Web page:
President Jacob Zuma and Deputy President Cyril Ramaphosa speaking during the ANC’s 5th National Policy Conference held at Nasrec. Picture: Simphiwe Mbokazi/ANA Pictures
Pretoria - President Jacob Zuma has thrown his weight behind the proposed power-sharing deal between Nkosazana Dlamini Zuma and Cyril Ramaphosa. But his supporters are divided on the matter.

At the ANC national policy conference at Nasrec, KwaZulu-Natal chairperson Sihle Zikalala proposed a compromise deal which would see any one of the two presidential candidates becoming deputy president should he or she lose to the other in the race for the top spot.

This, Zikalala believes, would prevent a bloodbath and a possible split after the party’s elective conference in December.

Independent Media learnt that in one of the closed commissions Zuma expressed support for the arrangement, the basis for trying to mend the fissures within the party that arise out of contestation.

“In our commission, it was only Zikalala and Zuma who articulated it. Other people just ignored it. It’s a new proposal, which we obviously need to consult widely on,” said a source, who asked to remain anonymous.

Another source confirmed Zuma’s support for the proposed arrangement. “He said people don’t sleep these days (and) spend sleepless nights lobbying (for positions). He even said it would be good if it (the proposal) could be replicated at lower levels.”

However, some of the influential Zuma supporters do not agree with the possible arrangement, which may signify cracks within the camp.

ANC Youth League president Collin Maine said he felt the move would not pass the test of the ANC constitution, which allows for every position in the top six to be contested.

“It means that if there are 10 candidates, and the other one gets 12 votes and others each get seven votes are we then going to have all of them as deputy presidents,” said Maine.

The secretary of the league in KwaZulu-Natal, Thanduxolo Sabelo, said the league still stands by its position that Mpumalanga Premier and ANC provincial chairperson, David Mabuza, should be the next deputy president.

Uniting the ANC should not be based on who gets elected to certain positions, he said.

“If you are not elected in the ANC, the culture of the ANC says you must then be able to support the leadership that has been elected."

“Unity of the party must be the unity of purpose. You cannot be united by positions. We must be united by programmes, which we are here to discuss today,” he said.

However, eThekwini region secretary Bheki Ntuli said the ANC’s biggest region was fully behind the proposal.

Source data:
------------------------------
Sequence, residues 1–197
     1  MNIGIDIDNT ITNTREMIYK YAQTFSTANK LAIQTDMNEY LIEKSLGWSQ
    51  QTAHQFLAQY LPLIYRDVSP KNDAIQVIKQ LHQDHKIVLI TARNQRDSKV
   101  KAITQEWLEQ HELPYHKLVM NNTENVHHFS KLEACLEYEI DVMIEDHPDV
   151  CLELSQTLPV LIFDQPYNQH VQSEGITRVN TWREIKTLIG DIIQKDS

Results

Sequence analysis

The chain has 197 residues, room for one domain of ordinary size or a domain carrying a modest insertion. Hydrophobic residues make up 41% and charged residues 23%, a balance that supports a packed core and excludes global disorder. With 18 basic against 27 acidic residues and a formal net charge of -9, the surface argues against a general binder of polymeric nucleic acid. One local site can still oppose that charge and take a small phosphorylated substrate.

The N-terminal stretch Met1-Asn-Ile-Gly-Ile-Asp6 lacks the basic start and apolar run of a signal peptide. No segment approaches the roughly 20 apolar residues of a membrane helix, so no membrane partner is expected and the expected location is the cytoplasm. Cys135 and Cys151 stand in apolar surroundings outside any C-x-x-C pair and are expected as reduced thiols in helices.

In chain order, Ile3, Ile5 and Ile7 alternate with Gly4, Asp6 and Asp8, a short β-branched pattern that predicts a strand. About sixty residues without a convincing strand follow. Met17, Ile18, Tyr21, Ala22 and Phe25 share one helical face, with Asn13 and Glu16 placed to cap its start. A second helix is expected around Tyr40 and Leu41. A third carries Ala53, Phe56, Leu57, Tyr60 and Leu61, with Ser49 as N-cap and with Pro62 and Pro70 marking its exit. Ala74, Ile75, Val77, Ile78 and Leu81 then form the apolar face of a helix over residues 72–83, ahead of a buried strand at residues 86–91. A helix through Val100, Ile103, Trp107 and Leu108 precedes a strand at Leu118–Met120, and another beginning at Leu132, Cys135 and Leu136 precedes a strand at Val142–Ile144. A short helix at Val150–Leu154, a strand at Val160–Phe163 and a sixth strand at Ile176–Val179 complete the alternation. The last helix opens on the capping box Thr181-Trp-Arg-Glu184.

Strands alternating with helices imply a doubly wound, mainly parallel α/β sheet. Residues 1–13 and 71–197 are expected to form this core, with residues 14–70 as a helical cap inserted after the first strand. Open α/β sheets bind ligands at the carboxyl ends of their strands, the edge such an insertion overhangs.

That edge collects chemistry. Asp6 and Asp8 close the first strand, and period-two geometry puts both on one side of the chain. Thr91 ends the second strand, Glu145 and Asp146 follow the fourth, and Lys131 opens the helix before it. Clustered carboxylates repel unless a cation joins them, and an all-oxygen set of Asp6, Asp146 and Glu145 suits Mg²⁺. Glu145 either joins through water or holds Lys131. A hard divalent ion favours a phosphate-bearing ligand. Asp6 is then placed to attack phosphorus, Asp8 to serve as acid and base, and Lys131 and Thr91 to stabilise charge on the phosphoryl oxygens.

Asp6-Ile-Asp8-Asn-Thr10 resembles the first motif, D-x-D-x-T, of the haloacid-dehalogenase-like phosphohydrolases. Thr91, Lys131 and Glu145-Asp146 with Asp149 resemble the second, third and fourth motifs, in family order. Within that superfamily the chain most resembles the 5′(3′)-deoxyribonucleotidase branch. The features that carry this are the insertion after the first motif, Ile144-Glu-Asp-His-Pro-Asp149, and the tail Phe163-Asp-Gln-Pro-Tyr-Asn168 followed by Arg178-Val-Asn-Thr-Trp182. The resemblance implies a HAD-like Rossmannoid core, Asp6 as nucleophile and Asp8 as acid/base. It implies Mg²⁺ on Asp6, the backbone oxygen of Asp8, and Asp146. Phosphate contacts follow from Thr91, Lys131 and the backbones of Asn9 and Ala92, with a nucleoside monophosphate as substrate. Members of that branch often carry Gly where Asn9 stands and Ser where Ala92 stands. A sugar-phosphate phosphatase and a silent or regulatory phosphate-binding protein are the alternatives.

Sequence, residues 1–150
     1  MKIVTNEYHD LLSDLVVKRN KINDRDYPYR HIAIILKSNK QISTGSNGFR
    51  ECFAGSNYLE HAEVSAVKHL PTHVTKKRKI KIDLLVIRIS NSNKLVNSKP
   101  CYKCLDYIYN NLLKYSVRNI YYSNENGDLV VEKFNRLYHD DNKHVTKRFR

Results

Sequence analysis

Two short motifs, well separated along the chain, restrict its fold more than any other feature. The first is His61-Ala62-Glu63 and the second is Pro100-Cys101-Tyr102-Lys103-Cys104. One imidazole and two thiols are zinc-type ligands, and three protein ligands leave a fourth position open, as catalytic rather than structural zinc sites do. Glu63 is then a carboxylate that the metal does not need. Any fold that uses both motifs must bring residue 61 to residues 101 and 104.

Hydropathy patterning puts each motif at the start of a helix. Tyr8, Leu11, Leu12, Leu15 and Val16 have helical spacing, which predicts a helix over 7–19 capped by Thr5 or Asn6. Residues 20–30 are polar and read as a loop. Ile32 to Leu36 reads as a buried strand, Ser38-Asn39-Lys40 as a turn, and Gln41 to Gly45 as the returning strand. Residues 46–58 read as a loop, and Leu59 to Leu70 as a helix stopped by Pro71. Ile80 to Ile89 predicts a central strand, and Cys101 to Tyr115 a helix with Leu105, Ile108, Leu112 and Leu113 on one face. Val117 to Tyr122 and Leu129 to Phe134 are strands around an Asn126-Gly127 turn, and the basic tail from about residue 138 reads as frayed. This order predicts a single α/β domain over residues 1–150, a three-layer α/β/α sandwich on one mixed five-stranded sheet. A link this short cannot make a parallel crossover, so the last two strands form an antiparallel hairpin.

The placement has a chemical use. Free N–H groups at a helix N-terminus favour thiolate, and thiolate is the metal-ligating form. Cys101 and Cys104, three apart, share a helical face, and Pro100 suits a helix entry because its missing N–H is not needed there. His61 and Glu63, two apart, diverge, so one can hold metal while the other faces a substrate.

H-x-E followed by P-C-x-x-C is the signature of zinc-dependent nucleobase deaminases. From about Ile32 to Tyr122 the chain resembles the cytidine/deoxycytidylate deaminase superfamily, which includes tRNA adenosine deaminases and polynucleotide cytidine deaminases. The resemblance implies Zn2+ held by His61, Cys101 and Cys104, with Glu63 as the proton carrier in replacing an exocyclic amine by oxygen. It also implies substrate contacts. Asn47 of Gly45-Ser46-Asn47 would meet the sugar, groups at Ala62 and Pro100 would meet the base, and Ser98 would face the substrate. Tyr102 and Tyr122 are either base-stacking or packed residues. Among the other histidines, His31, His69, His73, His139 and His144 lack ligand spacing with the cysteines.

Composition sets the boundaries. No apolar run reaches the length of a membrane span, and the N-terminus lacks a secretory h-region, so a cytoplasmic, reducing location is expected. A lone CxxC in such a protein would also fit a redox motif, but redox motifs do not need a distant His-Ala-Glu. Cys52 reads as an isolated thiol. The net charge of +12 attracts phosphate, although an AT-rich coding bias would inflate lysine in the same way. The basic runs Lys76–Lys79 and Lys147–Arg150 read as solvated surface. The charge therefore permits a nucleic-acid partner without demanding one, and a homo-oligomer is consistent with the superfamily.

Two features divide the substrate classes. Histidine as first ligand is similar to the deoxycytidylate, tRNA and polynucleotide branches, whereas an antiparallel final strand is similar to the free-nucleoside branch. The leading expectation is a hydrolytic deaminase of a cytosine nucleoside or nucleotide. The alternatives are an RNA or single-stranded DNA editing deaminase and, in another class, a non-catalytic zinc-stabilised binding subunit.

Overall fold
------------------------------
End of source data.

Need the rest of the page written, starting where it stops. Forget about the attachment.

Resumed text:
“The situation whereby we have our own top six and others have their own top six leads to breakaways after conferences. We should have a system that would allow the loser to be accommodated as the deputy president and the deputy secretary-general,” said Ntuli.

Mdumiseni Ntuli, the spokesperson of the ANC in KwaZulu-Natal, said the proposals were meant to destroy slate politics. He agreed that it would mean changing the way in which voting happens.

A delegate said some viewed the proposal as a sign that KwaZulu-Natal “is panicking and now they just want to secure Dlamini Zuma’s future in the Presidency”.

A member of the KwaZulu-Natal PEC said the province realised that while it was powerful it cannot afford to be arrogant or overstate its influence. “Even when the small provinces come to us with proposals, we will engage with them and adopt those positions if it makes sense”, another source added.

ANC Northern Cape chairperson Zamani Saul also slammed the KwaZulu-Natal proposal, asserting that what the province was trying to achieve “was leadership through arrangement”.

Saul said his province still backed the party’s deputy president Cyril Ramaphosa “because it is a matter of principle; since 1956, all presidents of the ANC” had been deputy presidents before.

Sabelo, however, dismissed claims that Zuma was losing support. “You can see some of their (anti-Zuma camps’) chief lobbyists - you can see they are walking defeated. You can see that is a defeated walk. Look at President Zuma, when that man walks you see confidence that is a man in charge."

Eastern Cape provincial secretary Oscar Mabuyane has backed the proposal. “It’s a practical proposal when we are confronted with slates. Slates are serving individuals rather than the ANC. You can’t elect a good leader because you are on a wrong slate,” said Mabuyane.

“This is a concrete proposal that seeks to deal with slates. As we continue with caucuses we will discuss the proposal,” he said. The branches of the ANC would have to back the proposal to foster unity in the ANC. He said ANC members cannot be enemies against each other because of positions.

Pretoria News